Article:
Internet search engine Google is finally launching its long-awaited online payment service. Called Google Checkout, the system allows customers to make purchases from Internet retailers without having to repeatedly enter credit card details.
The service will speed up the purchasing process by enabling customers to use payment and address information they keep on file with Google when buying products online.
The system can be used to make purchases from participating merchants across the Web and enables customers to track all orders in one place. Merchants that accept Checkout will be identified by a green shopping trolley icon next to ads.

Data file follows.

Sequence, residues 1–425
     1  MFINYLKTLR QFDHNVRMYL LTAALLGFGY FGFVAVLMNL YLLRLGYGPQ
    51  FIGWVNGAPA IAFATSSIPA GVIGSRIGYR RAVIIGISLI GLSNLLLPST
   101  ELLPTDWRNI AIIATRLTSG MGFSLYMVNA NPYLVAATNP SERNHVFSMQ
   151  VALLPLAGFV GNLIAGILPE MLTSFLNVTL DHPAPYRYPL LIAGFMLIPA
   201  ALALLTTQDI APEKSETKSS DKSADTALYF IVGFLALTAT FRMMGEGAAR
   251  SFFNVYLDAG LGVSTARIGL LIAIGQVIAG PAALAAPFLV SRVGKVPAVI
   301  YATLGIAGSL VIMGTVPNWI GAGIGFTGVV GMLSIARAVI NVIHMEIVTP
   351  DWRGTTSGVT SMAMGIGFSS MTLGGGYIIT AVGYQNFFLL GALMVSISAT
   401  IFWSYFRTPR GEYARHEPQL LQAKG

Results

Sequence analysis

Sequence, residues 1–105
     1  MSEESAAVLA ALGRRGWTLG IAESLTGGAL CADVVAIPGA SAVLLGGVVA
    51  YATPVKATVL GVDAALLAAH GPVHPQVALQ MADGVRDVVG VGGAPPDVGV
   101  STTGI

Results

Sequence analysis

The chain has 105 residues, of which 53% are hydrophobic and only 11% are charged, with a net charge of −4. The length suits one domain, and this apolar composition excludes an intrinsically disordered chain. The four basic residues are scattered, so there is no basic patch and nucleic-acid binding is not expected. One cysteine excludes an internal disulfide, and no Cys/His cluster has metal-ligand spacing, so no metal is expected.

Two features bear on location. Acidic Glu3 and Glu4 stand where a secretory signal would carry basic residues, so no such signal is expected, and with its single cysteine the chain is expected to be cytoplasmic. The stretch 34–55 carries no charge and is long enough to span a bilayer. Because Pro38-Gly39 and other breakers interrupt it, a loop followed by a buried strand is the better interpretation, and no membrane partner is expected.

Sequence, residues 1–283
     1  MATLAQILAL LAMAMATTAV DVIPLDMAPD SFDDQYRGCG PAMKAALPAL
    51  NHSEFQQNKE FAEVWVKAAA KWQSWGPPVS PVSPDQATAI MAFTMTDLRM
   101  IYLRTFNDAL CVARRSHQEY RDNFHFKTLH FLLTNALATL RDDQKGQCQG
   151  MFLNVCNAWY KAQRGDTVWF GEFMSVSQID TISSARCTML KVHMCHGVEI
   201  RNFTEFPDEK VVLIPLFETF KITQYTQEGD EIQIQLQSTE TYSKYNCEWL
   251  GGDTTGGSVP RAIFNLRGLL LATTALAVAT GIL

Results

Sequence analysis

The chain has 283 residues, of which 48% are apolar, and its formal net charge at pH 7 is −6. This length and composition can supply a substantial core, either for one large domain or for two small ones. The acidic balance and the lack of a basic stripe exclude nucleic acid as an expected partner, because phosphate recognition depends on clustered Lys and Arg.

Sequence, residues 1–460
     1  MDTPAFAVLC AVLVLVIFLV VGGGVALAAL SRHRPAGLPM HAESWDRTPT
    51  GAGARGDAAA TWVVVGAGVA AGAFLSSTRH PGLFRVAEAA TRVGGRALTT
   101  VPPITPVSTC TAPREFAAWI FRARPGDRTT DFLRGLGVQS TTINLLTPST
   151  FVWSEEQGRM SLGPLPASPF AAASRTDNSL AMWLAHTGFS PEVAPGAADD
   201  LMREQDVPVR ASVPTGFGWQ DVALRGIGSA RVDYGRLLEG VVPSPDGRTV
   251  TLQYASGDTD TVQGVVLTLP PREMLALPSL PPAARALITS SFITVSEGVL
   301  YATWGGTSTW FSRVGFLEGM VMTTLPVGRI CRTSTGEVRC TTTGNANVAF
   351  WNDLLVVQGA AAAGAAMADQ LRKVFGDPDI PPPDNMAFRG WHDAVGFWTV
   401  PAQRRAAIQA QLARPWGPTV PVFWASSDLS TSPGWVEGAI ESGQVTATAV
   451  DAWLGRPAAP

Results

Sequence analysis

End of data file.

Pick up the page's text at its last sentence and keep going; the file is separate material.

According to press reports, Google had been working with retailers such as Starbucks, Jockey, Levis, Timberland and Buy.com to test the service.
Speculation has been mounting for more than a year about a payments system being developed by Google. It was thought that the e-payments service would rival E-Bay's PayPal service, despite Eric Schmidt, Google chief executive, insisting that it would not compete directly with the person-to-person system.
But although the new Checkout service is different to PayPal, the Google system does target the same off-E-bay markets coveted by the person-to-person payments pioneer.
Furthermore, the Google service is set to undercut fees charged to merchants by PayPal. Google will charge merchants 20 cents and two per cent of a total transaction cost to use the service, which is considerably lower than the 30 cents and 2.9% fees levied by PayPal. Google also plans to discount fees based on how much merchants spend on its advertising packages.